VAIL — We all know who wins when an SUV loaded with skiers tangles with a tractor trailer out on the open road on an icy winter day in the Rocky Mountains. The resulting carnage sometimes shuts down high-country highways for hours at a time. There are only losers in such a scenario.
But who wins politically in the battle for supremacy between skier traffic and the state’s trucking industry? That’s a question brought up earlier this month in the Colorado governor’s campaign when Democratic Denver Mayor John Hickenlooper suggested trucking traffic should be somehow curtailed during the peak weekend skier rush between the Front Range and the mountain resorts along Interstate 70
Hickenlooper told the Colorado Independent that the ability to get quickly from urban areas into the mountains is “what makes Colorado Colorado. That’s what makes us different.” He recommended the Colorado Department of Transportation (CDOT) look at banning westbound truck traffic on Friday afternoons and eastbound trucks on Sunday afternoons.
Not surprisingly, ski industry and trucking industry representatives contacted by the Colorado Independent have widely divergent views on the topic.
“Mayor Hickenlooper’s idea that truck restrictions be explored deserves consideration as well,” said Melanie Mills, president and CEO of Colorado Ski Country USA, the statewide ski industry lobbying group. “On-time [freight] deliveries are important to all, including ski areas, so this would have to be done thoughtfully and strategically.”
Greg Fulton of the Colorado Motor Carriers Association trucking lobby said such a proposal could have dramatic economic impacts, impeding on-time deliveries both in Colorado and across the nation and adding costs not only for truckers but also the many businesses that rely on prompt freight deliveries.
“Last year was probably one of the lowest freight volumes and number of trucks out on that [I-70] corridor [because of the recession], and we still ended up seeing significant issues and it really didn’t have much to do with trucks,” Fulton said. “You just have a substantial volume of people traveling up to the ski areas in the state, and the issue that needs to be dealt with is how do you better disperse or distribute that part of it.”
Not to worry, according to a CDOT representative who told the Colorado Independent that Hickenlooper’s idea wouldn’t fly anyway.
“It’s not going to happen,” said CDOT spokesman Bob Wilson, who added federal laws prohibit such restrictions on truckers, who pay a large share of the taxes for the highways and “have the same rights as anyone else.”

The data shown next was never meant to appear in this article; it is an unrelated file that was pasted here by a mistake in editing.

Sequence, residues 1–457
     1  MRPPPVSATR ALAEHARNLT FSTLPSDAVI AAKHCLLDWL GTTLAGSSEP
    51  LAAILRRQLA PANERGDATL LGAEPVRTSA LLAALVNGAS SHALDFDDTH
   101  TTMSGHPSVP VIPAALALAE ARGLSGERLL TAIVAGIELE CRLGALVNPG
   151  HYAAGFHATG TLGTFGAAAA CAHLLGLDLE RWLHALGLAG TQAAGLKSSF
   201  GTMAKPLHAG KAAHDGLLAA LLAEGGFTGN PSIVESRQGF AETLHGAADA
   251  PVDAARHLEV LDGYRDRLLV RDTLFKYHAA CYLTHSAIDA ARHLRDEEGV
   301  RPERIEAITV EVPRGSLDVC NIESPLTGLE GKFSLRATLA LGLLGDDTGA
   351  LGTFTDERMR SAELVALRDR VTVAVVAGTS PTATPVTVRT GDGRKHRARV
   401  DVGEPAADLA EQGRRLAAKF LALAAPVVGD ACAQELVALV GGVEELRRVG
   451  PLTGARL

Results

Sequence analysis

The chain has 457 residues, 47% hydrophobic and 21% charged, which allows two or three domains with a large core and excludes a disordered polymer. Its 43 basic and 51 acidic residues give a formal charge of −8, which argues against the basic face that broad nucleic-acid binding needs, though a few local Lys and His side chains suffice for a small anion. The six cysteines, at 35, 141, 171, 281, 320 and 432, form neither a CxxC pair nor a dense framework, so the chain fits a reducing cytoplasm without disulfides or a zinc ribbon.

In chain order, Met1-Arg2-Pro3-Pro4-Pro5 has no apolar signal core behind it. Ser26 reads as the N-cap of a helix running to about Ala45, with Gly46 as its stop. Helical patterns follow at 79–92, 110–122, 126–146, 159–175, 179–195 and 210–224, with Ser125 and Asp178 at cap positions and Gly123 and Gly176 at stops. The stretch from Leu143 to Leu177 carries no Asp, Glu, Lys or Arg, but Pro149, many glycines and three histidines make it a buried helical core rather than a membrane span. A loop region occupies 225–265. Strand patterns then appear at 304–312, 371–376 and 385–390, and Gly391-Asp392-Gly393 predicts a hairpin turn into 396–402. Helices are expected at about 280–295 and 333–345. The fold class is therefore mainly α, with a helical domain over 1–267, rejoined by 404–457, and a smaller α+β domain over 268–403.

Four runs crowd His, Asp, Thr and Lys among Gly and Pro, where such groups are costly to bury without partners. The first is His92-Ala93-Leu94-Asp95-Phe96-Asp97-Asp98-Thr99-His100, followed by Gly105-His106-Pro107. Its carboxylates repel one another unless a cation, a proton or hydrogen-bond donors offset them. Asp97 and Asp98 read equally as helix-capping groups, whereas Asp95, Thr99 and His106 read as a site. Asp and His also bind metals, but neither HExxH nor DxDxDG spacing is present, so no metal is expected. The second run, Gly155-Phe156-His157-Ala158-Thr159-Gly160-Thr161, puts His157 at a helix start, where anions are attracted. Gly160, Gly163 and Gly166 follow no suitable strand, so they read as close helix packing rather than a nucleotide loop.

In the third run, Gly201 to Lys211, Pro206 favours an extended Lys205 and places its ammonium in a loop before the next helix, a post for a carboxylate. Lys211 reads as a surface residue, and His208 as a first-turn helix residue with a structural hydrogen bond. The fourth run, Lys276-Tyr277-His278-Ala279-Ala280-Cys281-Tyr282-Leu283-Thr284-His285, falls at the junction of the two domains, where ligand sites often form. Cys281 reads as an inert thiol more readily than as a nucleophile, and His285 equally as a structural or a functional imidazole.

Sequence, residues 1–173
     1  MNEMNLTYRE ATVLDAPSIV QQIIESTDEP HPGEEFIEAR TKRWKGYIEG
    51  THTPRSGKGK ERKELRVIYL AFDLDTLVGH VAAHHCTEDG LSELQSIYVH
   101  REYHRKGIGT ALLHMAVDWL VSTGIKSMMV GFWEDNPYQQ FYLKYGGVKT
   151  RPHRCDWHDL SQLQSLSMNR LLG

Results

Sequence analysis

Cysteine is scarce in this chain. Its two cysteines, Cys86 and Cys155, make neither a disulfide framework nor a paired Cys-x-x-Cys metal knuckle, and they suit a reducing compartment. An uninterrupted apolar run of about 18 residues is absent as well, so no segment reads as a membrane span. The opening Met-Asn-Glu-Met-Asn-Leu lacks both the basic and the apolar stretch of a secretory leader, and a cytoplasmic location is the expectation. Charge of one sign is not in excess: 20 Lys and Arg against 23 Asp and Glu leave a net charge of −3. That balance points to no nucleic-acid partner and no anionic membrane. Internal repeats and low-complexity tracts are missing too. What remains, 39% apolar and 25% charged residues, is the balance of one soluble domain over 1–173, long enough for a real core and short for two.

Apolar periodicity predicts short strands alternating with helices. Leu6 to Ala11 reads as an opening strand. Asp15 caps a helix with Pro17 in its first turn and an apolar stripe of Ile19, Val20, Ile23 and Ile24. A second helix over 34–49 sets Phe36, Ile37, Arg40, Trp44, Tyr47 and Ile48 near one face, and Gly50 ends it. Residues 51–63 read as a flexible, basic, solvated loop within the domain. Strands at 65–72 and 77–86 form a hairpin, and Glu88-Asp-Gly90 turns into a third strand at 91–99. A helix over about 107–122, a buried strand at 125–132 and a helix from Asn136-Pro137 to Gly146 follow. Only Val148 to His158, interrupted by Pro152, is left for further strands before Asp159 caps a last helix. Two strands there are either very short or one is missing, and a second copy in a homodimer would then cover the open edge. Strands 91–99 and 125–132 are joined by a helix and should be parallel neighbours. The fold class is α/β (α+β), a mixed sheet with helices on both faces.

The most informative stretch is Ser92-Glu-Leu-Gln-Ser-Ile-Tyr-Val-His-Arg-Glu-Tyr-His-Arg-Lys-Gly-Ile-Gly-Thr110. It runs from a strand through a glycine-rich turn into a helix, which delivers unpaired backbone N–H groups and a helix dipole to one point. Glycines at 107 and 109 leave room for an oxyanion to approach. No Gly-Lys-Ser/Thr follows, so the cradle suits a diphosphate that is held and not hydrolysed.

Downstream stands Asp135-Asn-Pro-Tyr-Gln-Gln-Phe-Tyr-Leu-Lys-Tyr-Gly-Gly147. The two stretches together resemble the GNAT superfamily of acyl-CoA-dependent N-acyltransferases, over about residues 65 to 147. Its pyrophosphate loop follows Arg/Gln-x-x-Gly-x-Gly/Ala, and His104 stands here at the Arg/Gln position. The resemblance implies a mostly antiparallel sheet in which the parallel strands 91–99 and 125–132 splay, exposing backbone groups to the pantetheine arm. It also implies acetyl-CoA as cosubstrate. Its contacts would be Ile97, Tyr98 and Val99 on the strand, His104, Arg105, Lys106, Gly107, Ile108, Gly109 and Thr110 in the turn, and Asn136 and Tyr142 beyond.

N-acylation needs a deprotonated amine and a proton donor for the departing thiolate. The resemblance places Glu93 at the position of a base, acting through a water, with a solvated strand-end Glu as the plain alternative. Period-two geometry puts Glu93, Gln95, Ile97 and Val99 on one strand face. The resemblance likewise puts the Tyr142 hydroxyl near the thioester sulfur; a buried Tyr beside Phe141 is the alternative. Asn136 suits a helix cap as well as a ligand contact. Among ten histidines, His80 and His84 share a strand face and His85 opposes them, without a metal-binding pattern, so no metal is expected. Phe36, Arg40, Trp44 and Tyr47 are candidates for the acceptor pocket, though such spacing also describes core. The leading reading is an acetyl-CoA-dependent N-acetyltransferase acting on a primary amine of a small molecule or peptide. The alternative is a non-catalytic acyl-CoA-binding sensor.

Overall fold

But a CalTrans spokesman told the Colorado Independent that California, under an agreement struck with the major trucking companies in that state, has been restricting truck traffic on I-80 over Donner Pass since the 1960s. That stretch of interstate connects Sacramento to the ski areas in and around Lake Tahoe.
“We try not to mix trucks and tourists when the weather is bad,” CalTrans spokesman Mark Dinger said, adding the state provides parking areas and can ticket truckers who violate the ban.
Colorado’s trucking lobby spokesman Fulton discounts what’s being done along I-80 in California: “It’s a very minor thing. It’s not anything close to what we have up there [on I-70]. It isn’t even proximate.”
He suggests the ski industry needs to do more to limit the skier traffic on peak weekends.
“Maybe they need to take a page out of what some of the gambling areas have looked at, which is providing incentives for people to get up there earlier or leave later, essentially providing greater incentives for people to ski during the week and other things,” Fulton said.
Colorado Ski Country’s Mills said that’s already being done.
“Ski areas are and will continue to offer great incentives to off-peak skiers, but the Monday to Friday work and school week and limited hours of winter daylight place very real limits on the ability of Front Range skiers to move to off-peak times,” Mills said. “The fact is, we have to look at realistic, incremental improvement strategies for the corridor and implement them now.”
Some observers are concerned that a preferred CDOT alternative for improvements along I-70 released earlier this month is too pie-in-the-sky and will obscure more practical short-term fixes like Hickenlooper’s idea.
The CDOT plan calls for $20 billion in improvements over the next 40 years, including $10 billion for high-speed rail. It would involve interchange improvements, widening some sections and adding more tunnel capacity in places. However, funding remains a huge question mark for any of the components of the CDOT plan.